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  • PA Cat July 3, 2018, 3:43 PM

    All honor to them. Fifty years on, some of the survivors from both sides held a reunion that included a reenactment of Pickett’s Charge. “The climactic moment of the 50th Reunion was a reenactment of Pickett’s Charge. Thousands of spectators gathered to watch as the Union veterans took their positions on Cemetery Ridge, and waited as their old adversaries emerged from the woods of Seminary Ridge and started toward them again. They converged as they had 50 years earlier at the stone wall but this time the Confederates were met with embraces of brotherly fellowship.”

    Photo here: http://www.gettysburg.com/livinghistory/pastpics/1913/191302.htm

  • Howard Nelson July 3, 2018, 3:54 PM

    And now I look down
    at Men garbed in grey and blue, sober, somber, laughing, free,
    preparing to serve Comrades, Honor, Responsibility.
    And as They die, All return to Me.

    What was gained, what was lost?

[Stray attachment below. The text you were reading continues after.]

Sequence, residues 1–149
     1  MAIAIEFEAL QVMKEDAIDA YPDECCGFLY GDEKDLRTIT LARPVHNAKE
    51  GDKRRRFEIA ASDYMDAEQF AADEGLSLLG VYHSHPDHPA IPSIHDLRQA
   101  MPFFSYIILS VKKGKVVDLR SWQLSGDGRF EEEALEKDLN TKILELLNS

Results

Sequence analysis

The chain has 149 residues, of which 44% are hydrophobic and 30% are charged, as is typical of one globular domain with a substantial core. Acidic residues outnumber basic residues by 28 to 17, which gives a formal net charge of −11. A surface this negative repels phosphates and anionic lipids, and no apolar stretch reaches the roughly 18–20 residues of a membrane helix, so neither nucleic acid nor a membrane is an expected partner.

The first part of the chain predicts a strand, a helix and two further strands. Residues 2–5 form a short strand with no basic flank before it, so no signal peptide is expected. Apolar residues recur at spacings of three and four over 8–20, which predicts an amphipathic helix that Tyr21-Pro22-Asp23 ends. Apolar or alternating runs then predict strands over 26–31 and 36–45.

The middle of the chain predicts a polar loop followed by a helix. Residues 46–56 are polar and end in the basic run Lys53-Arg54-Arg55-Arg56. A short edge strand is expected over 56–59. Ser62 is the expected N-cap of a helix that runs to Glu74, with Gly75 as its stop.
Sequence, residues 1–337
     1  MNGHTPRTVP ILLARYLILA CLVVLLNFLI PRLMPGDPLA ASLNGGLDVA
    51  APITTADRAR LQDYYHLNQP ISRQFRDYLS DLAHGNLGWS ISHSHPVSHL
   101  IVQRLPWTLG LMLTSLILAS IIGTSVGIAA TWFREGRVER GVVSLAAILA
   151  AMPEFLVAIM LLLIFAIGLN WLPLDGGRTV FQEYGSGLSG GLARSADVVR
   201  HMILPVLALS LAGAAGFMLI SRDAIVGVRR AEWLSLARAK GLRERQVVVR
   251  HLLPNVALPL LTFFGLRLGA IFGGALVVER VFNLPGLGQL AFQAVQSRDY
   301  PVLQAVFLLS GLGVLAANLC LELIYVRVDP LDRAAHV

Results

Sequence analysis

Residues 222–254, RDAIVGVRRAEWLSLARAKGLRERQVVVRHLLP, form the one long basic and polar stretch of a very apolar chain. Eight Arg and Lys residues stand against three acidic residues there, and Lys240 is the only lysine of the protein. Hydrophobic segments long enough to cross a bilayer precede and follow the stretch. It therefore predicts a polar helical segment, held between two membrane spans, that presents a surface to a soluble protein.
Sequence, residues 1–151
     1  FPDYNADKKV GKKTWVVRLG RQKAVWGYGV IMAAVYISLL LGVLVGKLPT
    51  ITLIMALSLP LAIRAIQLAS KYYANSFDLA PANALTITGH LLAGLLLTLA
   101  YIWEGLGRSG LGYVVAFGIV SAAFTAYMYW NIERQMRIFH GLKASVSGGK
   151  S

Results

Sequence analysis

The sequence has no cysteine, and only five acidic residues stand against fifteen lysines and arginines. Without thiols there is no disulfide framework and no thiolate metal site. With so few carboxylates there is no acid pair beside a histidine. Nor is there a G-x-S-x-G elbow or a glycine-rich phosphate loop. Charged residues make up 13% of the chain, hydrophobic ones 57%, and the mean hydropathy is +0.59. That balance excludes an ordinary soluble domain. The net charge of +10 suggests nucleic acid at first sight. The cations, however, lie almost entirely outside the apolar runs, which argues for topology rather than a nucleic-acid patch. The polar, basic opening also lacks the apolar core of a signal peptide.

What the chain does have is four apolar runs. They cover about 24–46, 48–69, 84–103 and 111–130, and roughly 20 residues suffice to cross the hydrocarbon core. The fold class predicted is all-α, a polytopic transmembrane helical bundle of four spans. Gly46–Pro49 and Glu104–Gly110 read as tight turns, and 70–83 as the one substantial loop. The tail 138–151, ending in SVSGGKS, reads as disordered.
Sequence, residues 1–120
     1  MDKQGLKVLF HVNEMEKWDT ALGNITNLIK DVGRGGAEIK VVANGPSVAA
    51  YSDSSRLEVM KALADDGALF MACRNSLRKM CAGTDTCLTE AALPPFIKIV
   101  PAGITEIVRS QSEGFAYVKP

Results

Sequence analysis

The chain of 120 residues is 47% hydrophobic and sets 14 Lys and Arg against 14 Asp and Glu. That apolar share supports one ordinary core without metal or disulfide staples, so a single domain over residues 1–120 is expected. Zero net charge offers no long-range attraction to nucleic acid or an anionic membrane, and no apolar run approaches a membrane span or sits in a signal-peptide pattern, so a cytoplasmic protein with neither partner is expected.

Who gained what, at what cost?
    Field of folly, field of fealty,
    Who can grasp war’s full reality?

  • Howard Nelson July 3, 2018, 4:09 PM

    Great link, PA Cat. It should be shown in every school room.
    This country has had more than one Greatest Generation as those vets show. Great in war, great in peace, great in grace.

  • rabbit tobacco July 3, 2018, 11:01 PM

    It is well that war is so terrible, or we should grow too fond of it. Robert E. Lee

  • james wilson July 3, 2018, 11:27 PM

    What Lee’s comment reveals is that it was he who was too fond of it. Sherman, with all his faults, or because of them, held the sober point of view.

  • Callmelennie July 4, 2018, 8:55 AM

    Once the Great Rebel Cannonade on Cemetery Hill misfired and once JEB Stuart’s stab in the Union’s rear was foiled by George Custer, the charge was doomed. Nothing hung in the balance

    If Lee had only known that the two perquisites for success had come to nothing, he would have told Pickett’s troops to stand down, I’m sure of it.

  • Rob Miller July 4, 2018, 11:51 AM

    Lee should have listened to Longstreet who begged him not to fight at Gettysburg until Stuart’s cavalry returned with full recon.

    FTR, I once participated in a very sophisticated and accurate computer simulation of Gettysburg. I took the Confederates.

    Since I was giving the orders, I had Pegleg Dick Ewell’s troops and the other Confederate units take the high ground and dig in once Buford’s cavalry was pushed out of the way, long before Meade’s troops arrived. In the real battle, Ewell, who was commanding Stonewall’s troops did exactly the opposite and didn’t occupy the high ground, thanks to Lee’s inconclusive orders which he interpreted to suit himself.